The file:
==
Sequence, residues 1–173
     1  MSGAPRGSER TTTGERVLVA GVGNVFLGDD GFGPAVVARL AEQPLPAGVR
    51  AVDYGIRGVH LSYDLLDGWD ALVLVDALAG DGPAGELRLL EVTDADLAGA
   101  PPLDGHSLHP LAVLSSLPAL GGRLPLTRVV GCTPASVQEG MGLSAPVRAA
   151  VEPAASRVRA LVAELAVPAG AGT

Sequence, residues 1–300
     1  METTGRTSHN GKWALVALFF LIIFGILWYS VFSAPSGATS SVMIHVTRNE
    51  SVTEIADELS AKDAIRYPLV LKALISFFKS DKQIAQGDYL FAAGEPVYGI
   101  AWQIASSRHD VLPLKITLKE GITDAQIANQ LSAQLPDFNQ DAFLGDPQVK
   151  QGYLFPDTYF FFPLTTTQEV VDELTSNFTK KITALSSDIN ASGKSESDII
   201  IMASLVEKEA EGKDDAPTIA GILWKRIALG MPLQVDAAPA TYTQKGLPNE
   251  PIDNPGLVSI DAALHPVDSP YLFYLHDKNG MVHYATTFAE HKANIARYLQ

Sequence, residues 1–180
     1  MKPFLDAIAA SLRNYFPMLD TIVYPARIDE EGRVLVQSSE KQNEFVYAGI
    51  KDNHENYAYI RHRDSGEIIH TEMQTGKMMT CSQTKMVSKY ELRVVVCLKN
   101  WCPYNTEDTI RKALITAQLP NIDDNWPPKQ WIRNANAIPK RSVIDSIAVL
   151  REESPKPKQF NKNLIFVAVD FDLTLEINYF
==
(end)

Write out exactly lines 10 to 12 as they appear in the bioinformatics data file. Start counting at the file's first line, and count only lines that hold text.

   151  QGYLFPDTYF FFPLTTTQEV VDELTSNFTK KITALSSDIN ASGKSESDII
   201  IMASLVEKEA EGKDDAPTIA GILWKRIALG MPLQVDAAPA TYTQKGLPNE
   251  PIDNPGLVSI DAALHPVDSP YLFYLHDKNG MVHYATTFAE HKANIARYLQ